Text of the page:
He does not understand temples and the importance of temple work from an eternal perspective to members of the Church of Jesus Christ of Latter-day Saints. Yes, temples are worth that much because of what is done and learned there. In temples we draw closer to our Father in heaven, we make sacred covenants with him that allow us to learn more about our relationship with him and with our fellow man. And we take part in Priesthood ordinances, such as the sealing of families together for time and all eternity, allowing families to be together forever. This is a concept that many people innately want to believe in, based on conversations I have had with many people. We have this innate belief that we will be with our families in heaven, that we will see them again. But, I am not aware of any other Church that teaches that as official doctrine, or provides the means necessary to make it so. In our temples that is what we do — we join families together.
Also, he does not understand the Church’s welfare program. We do indeed spend millions to help alleviate the suffering of millions of needy. The Church has an extensive welfare program, helping needy people both here in the US and abroad. After any major natural disaster, the Church is one of the first organizations on the scene with man-power and goods necessary to alleviate the suffering of those affected.
It is not an either/or situation. We take care of the physical body as well as the spiritual body. But to be honest, from an eternal perspective the temple is more important because it is longer lasting in its effects. It is indeed important to help clothe and feed and care for the physical bodies of all of God’s children. It is difficult to focus on spiritual things when one is worried about where the next meal is coming from or where one will spend the night. But, we also know that the spiritual welfare of the souls of God’s children is important in eternity. This life and its suffering are only temporary, and all of the injustices of this life can and will be made up through the Atonement of Christ.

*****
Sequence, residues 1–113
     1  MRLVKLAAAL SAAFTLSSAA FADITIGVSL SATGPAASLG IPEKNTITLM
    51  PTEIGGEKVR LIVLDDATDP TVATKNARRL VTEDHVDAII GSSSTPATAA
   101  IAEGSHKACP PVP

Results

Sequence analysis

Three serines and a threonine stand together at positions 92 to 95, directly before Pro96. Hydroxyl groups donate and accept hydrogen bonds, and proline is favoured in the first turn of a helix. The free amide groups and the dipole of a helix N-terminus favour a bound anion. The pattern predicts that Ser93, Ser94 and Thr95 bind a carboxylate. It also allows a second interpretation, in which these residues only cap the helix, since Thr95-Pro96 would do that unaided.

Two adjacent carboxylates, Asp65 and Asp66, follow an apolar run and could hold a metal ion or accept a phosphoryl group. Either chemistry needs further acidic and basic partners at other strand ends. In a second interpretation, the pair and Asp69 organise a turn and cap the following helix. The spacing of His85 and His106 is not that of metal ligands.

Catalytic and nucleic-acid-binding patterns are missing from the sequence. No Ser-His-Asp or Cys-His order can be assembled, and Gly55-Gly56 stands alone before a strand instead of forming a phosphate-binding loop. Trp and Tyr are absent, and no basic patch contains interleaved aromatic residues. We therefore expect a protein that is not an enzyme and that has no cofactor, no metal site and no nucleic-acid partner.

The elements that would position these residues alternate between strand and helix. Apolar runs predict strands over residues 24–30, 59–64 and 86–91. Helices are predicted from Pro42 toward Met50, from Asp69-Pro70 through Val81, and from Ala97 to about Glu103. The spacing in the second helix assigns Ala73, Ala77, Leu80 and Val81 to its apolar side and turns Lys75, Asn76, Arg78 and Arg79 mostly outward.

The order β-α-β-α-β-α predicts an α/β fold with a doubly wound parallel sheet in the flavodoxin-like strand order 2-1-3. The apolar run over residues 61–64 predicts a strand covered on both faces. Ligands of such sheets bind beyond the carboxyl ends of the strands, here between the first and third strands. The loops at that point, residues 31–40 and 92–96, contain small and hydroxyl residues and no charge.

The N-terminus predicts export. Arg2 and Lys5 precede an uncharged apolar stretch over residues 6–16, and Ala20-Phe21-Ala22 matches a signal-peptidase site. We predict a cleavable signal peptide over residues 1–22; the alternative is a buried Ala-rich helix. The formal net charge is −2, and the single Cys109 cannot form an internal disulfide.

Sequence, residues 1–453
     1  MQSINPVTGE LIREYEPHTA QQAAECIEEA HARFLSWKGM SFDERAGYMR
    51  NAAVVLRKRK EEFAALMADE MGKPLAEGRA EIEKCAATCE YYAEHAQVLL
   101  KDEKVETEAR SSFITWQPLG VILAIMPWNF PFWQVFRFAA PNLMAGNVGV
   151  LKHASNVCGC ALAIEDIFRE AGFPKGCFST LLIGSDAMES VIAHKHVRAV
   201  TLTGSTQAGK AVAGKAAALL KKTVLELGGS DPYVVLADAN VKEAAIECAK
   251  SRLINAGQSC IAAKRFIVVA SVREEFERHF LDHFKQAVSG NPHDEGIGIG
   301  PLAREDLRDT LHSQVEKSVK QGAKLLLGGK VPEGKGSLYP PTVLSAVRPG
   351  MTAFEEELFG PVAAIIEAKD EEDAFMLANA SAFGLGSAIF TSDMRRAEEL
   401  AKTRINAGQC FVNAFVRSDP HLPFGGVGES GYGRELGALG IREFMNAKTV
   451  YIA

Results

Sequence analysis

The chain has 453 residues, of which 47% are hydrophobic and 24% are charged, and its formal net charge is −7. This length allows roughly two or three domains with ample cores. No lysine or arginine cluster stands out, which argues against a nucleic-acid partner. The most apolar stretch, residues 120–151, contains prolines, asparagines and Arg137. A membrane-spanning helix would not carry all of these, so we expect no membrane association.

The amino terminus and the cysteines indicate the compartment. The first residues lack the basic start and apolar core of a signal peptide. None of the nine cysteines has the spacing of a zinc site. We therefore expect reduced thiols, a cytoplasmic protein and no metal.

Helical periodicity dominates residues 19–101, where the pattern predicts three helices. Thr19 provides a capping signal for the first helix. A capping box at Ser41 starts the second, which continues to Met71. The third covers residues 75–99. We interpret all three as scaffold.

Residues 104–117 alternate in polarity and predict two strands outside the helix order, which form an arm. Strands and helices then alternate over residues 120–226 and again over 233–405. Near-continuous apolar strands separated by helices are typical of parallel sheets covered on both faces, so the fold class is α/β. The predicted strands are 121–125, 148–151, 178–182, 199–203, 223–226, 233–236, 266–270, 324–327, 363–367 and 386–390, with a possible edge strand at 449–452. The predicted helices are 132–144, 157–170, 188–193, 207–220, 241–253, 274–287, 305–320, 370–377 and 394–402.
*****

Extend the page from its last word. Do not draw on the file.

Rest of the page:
I love this gospel, and I love the uplifting spiritual messages we heard this weekend. I know I will discover more meaning and joy as I study these messages again and again with my family over the next six months, and I invite and encourage you all to do the same. Come listen to a prophet’s voice, and hear the word of God.
- General Conference October 2013 – Saturday Sessions Summary (dteeps.wordpress.com)
Today was the 183rd Semi-Annual General Conference of the Church of Jesus Christ of Latter-day Saints. There were three two-hour sessions, including Priesthood session, where all who wanted to listen were taught by Apostles of Jesus Christ and other leaders of the Church.
After sitting through today’s six hours of enlightenment, I was thinking about what I had heard and learned and I came up with the following as a summary of what was said and taught today, as best as I can remember, or as far as I was impressed to take the messages to heart.
Reach out; care for each other in these troubled times. Do not let others be strangers or foreigners, but remember we are all brothers and sisters as children of God with divine potential. We need each other, men and women to do this work. The future will be difficult, we need to be mindful of depression, to avoid it in ourselves, but be aware of it in others. Reach out and help, and if we find ourselves afflicted, reach out and seek the necessary help from all sources. Rise up each time you fall, falling is part of mortality, but so is rising again, looking forward with hope and trust in the promises of the Gospel.
There were many amazing talks given today, many wonderful messages shared. I once again followed along with the hashtag #ldsconf on Twitter, retweeting many and adding my own thoughts and impressions to the mix. It is so great to get together and share with each other what we are feeling. I am looking forward to many more uplifting and powerful spiritual experiences tomorrow, and throughout the next six months as I review the messages given this weekend.
The gospel of Jesus Christ is all about Family. One of the first principles covered in the first discussion missionaries have when teaching someone the gospel is that God is our loving heavenly father and that the gospel blesses families. In a proclamation to the world, the First Presidency and Council of the Twelve Apostles of The Church of Jesus Christ of Latter-day Saints wrote, “We solemnly proclaim that marriage a man and a woman is ordained of God and that the family is central to the Creator’s plan for the eternal destiny of His children.”